I’ve always been a snorer, though I never felt as though it affected my quality of sleep. Or, at least, not directly. But so potent are my snores that, even at an early age, I’d often find myself in bed, in the dark, staring face-to-face with a quietly irate sibling or a camp bunkmate as they shook my shoulder and whisper-screamed at me, “YOU’RE SNORING.”
“How can I be snoring?!” I’d think. “I’m not even asleep yet!”
And then there’s the story from a few hockey seasons ago, when the whole team shared a house for a weekend. One night, some noisy neighbors drove me from an air mattress in the living room to the floor of a room where the Harribles were already fast asleep. As Mrs. Harrible tells it—and keeping in mind that Mr. Harrible is 6’5” and not a skinny fella—she awoke, despite her earplugs, to some serious log-sawing. At the moment she realized the ruckus wasn’t coming from her husband, he giggled. I’d woken them both up, but in the morning I felt as though I hadn’t slept a wink. I am a titan of inadvertent unconscious noisemaking.
So about a year ago, I underwent a sleep study. Pa’s got sleep apnea, anyway, and uses a CPAP machine. It’s supposed to be a dreadfully damaging condition, too, and even if it’s mild, it’s bound to get worse throughout the course of your life. Best to address it now.
They noted “some instances of apnea.”
But through a series of missed phone calls and apathy, the issue sat for a year. A month or so ago, I finally got around to jump-starting it and had to schedule another sleep test—this time to “fit” my CPAP machine and adjust it to the proper air pressure. Still not a fun undertaking—especially as I was strapped to the same number of wires and now sporting a scuba-like facemask—but I did sleep a little better, at least. They noted that I “did well” with the machine, and a week ago I took home my very own CPAP.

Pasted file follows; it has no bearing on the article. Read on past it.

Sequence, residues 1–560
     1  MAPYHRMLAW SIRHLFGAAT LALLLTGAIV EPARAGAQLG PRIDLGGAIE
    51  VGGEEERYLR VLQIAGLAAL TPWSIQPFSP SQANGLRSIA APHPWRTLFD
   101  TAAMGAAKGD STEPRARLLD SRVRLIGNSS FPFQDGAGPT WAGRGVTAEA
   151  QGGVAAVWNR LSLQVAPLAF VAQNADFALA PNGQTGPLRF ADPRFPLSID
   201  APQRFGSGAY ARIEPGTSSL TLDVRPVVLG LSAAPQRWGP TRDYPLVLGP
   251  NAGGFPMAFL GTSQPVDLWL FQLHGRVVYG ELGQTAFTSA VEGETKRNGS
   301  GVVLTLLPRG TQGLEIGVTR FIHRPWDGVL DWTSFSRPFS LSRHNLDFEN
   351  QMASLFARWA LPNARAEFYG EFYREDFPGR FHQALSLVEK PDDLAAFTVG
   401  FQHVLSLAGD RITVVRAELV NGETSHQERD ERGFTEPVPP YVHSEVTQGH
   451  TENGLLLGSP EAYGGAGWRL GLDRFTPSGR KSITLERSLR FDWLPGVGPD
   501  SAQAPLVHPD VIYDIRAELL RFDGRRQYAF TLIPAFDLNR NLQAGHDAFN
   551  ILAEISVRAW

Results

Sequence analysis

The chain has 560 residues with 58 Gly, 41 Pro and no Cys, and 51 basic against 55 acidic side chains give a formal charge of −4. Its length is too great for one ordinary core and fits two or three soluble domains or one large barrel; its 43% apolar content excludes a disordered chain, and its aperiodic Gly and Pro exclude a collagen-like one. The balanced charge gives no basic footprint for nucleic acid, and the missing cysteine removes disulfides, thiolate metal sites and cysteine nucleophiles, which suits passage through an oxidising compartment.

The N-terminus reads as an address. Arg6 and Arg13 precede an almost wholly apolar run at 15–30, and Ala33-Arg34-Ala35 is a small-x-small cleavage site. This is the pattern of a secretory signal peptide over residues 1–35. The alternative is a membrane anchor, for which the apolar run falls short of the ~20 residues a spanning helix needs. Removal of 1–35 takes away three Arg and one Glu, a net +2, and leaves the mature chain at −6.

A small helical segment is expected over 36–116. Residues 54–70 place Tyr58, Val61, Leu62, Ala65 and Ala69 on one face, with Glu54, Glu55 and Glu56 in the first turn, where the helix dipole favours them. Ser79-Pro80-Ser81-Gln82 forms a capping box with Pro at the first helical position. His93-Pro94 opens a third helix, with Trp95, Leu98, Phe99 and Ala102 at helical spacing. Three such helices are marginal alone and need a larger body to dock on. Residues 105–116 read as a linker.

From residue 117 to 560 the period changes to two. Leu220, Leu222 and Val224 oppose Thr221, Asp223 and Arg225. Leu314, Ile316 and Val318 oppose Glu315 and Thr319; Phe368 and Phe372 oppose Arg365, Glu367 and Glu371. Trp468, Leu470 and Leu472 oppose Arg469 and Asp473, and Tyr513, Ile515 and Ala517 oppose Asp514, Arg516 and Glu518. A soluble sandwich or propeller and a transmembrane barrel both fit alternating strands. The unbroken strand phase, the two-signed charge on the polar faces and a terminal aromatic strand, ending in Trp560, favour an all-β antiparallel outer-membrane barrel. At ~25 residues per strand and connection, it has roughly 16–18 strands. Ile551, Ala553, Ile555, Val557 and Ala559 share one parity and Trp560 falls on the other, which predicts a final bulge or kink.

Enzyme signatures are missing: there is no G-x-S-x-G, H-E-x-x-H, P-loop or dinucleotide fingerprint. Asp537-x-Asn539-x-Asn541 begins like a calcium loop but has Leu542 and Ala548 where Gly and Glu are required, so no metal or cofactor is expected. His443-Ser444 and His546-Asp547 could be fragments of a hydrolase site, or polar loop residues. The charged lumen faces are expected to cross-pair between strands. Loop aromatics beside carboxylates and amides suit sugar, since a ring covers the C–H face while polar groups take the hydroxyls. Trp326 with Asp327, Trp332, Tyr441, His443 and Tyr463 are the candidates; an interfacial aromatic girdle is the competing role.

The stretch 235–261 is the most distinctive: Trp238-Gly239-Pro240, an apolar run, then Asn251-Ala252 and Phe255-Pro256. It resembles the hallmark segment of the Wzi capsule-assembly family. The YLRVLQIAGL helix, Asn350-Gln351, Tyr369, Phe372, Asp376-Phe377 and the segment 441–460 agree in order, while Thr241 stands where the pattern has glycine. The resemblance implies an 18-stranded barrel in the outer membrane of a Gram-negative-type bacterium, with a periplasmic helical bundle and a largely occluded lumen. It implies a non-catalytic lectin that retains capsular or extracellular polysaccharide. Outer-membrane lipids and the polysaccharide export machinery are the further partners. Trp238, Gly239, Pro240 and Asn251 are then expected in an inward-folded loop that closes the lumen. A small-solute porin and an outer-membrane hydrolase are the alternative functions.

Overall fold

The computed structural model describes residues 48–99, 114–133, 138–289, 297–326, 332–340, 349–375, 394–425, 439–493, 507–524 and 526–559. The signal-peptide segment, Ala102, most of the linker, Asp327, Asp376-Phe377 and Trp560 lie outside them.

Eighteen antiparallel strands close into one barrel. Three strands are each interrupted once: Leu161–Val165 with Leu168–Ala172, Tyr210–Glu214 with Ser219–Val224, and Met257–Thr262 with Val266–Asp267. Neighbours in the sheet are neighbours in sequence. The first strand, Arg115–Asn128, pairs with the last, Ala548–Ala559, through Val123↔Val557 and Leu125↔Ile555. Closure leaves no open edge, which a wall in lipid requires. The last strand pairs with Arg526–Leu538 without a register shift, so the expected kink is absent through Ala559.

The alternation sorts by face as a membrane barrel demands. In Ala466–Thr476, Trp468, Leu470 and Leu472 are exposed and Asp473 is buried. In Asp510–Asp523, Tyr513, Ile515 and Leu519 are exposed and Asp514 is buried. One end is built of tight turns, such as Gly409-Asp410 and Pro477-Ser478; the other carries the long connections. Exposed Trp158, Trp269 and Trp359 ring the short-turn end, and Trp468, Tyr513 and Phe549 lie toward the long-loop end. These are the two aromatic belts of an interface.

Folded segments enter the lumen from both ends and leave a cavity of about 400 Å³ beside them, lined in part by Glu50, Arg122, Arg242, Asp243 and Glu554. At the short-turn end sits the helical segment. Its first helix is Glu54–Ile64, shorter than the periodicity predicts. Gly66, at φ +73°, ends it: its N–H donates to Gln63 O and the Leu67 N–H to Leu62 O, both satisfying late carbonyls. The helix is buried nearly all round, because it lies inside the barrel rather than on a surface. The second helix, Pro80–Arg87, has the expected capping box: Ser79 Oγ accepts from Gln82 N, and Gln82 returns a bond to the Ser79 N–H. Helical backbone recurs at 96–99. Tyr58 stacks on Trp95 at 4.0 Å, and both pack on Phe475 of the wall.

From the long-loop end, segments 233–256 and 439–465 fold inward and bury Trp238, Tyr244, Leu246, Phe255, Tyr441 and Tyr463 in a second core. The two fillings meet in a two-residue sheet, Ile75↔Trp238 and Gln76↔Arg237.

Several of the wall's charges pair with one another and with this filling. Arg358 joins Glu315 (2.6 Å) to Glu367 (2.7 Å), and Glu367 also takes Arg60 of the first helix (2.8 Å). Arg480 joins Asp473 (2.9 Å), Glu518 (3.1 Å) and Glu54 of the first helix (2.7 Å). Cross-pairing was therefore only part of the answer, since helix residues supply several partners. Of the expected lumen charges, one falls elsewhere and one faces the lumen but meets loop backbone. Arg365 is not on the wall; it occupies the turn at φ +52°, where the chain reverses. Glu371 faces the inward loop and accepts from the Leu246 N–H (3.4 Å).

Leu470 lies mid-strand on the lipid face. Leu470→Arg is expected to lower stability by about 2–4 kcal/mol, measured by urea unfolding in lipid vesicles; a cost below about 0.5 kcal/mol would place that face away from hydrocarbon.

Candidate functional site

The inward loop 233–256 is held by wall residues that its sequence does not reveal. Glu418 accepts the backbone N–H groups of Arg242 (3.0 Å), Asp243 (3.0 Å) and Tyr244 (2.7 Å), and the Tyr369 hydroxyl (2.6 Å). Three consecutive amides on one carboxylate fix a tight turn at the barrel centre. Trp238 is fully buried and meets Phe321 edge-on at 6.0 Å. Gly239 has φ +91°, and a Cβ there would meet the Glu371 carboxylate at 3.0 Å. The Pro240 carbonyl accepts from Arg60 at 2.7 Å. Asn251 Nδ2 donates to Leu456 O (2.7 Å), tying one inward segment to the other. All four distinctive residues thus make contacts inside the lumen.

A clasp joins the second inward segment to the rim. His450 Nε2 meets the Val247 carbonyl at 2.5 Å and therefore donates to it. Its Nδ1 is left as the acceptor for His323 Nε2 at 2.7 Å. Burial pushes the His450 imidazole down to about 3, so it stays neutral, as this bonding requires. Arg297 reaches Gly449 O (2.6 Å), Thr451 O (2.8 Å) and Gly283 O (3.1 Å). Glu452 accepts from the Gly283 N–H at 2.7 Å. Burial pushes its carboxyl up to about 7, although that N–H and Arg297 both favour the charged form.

It took a while—due in part to nervousness and a lack of grounded outlets in our house—but last night I finally gave the thing a go.
Yeah, I don’t like it.
It could be that I went with a nose-only mask instead of the nose-and-mouth behemoth I wore at the study place. The bigger one is more likely to lose its seal as your jaw moves around, but it lets you breathe through your mouth; the smaller one requires you to (and makes it easier to) keep your mouth shut, but I’m still not sure if my pesky sinuses are down for that—especially when you throw in first-night jitters. I managed to keep it on for just two hours before I got frustrated and took it off.And this thing is supposed to be every night, forever.
But I’m not sure if I should admit that perhaps the biggest issue is self-consciousness. If I lived alone, I’d have more patience, but I share a home—and a bed—with CCB, and frankly, I still like being able to say good night to him, being able to throw an arm over his chest, being able to smile at him when we wake up forehead-to-forehead. Last night, I felt like an astronaut—and about as far away, too.
I understand that everyone goes through unflattering medical situations, and Lord knows my snoring wasn’t sexy to begin with. (For the record, CCB has complained neither about my snoring nor about my new nighttime fashion.) It’s just hard that this feels so…optional. Maybe if I try it for a bit and get used to it and actually feel the difference it makes in my sleep, then maybe it’ll be easier to take.
But right now it just feels like a major inconvenience in what’s supposed to be the most relaxing part of my day.
(I did just learn about a dental device that may make major improvements in sleep apnea, in addition to teeth grinding and maybe even sinus issues. That’s a potential miracle I’m keeping an eye on.)